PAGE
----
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you are using and the climate and storage of your barrels. With a small batch producer like us, you have limited capacity and limited storage, and you’re wondering what the barrels up here and down here are doing,” Damian says, gesturing to the height of barrels on the racks. “It’s highly scrutinized.” However, all those differences are what makes craft, well, craft. Patrick shares, “A little bit of variance is actually pretty good. It shows that we are craft. We’re not Jim Bean; we’re not Jack Daniels.” Their craft spirits have not only found popularity because of their craftsmanship, but also because of their visibility within their event space. In the beginning, their goal was to solely create aged spirits, but they soon discovered that having a space for business meetings, parties, and receptions was very profitable as well. Damian and his siblings knew they had to do something with the large area that was left vacant at their location. Having an event space really brought something unique to the area. “The event space is a large portion of our business,” explains Damian. “It helped drive awareness and added to the distillery with booking events here. Once we started putting that out there with advertising, people wanted to come out here.” “The event space has definitely been a good anchor to the facility because you have a captured audience when they are here for an event. Sometimes we have to curb production because of an event, however,” continues Patrick. This is when that second production shift comes in handy: “We have a second shift so we can run the 500 gallon still twice a day. It’s useful to have those two shifts.” Another part of their profitability was their drive for change with distillery focused legislation. Early on they learned they could not do tastings on their tours or sell bottles from their facility. This was not only a shocking revelation, but it was also a conduit for change in Kansas, propelled by the Garcia family. Patrick explains, “We hired a lobbyist. There were a lot of people that didn’t want us to have tastings and to sell from our facility.” After much work with the legislators, Kansas distillers can now offer two-ounce tastings, make mixed drinks, and sell souvenir bottles out of their facilities. “We’re not advertising ourselves as a liquor store. People come in here for a tour; they’re coming here for the full experience. The change has definitely benefitted us.” Other distilleries are thankful for the work the Garcia family did with legislation in Kansas. Damian says, “It was a huge step for Kansas.” Union Horse Distilling is successful because they have found ways to work together as family, create spirits that their community desire, and find ways to diversify their profits. Knowing when to capitalize on other endeavors can be a smart move for all distilleries.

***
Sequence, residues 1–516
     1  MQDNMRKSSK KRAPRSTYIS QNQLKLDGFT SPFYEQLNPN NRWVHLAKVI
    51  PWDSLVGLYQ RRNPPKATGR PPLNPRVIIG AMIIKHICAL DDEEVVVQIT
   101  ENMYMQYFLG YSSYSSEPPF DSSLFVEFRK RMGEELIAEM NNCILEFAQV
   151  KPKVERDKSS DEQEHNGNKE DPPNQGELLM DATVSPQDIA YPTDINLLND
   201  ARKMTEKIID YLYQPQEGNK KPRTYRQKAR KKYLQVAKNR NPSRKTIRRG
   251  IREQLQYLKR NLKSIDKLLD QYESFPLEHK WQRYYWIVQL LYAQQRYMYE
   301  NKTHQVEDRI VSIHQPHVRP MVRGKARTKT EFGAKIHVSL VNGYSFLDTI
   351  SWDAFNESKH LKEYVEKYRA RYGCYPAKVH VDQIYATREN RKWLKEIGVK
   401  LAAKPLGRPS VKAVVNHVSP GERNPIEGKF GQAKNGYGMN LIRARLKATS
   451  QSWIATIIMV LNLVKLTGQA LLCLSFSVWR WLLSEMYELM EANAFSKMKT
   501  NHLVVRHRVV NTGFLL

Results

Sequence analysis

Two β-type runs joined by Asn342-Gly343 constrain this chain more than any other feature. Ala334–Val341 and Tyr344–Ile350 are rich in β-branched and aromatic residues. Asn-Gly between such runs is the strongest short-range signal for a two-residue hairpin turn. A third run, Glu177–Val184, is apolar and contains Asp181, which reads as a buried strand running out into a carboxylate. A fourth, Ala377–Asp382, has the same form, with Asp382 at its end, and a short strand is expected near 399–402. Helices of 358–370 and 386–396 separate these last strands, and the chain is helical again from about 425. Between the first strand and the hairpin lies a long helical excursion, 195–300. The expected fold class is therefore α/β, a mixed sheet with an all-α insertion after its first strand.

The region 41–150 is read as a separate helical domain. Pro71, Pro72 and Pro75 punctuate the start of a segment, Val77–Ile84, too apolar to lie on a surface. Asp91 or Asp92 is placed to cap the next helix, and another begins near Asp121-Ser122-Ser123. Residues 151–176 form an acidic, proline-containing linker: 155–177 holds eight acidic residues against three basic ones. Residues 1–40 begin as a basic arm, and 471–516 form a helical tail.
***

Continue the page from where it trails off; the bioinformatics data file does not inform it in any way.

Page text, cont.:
Union Horse Distilling is located in Lenexa, KS. For more information visit www.unionhorse.com or call (913) 492-3275. 104 

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Artisan Spirit: Winter 2017  
Artisan Spirit: Winter 2017  

The magazine for craft distillers and their fans.